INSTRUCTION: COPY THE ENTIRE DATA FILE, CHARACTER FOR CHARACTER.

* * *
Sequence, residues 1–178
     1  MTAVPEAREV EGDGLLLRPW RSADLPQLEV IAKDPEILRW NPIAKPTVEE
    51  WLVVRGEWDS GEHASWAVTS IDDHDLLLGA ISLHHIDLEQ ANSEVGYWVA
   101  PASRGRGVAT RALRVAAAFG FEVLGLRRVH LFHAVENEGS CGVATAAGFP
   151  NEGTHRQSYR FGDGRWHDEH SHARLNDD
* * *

Sequence, residues 1–178
     1  MTAVPEAREV EGDGLLLRPW RSADLPQLEV IAKDPEILRW NPIAKPTVEE
    51  WLVVRGEWDS GEHASWAVTS IDDHDLLLGA ISLHHIDLEQ ANSEVGYWVA
   101  PASRGRGVAT RALRVAAAFG FEVLGLRRVH LFHAVENEGS CGVATAAGFP
   151  NEGTHRQSYR FGDGRWHDEH SHARLNDD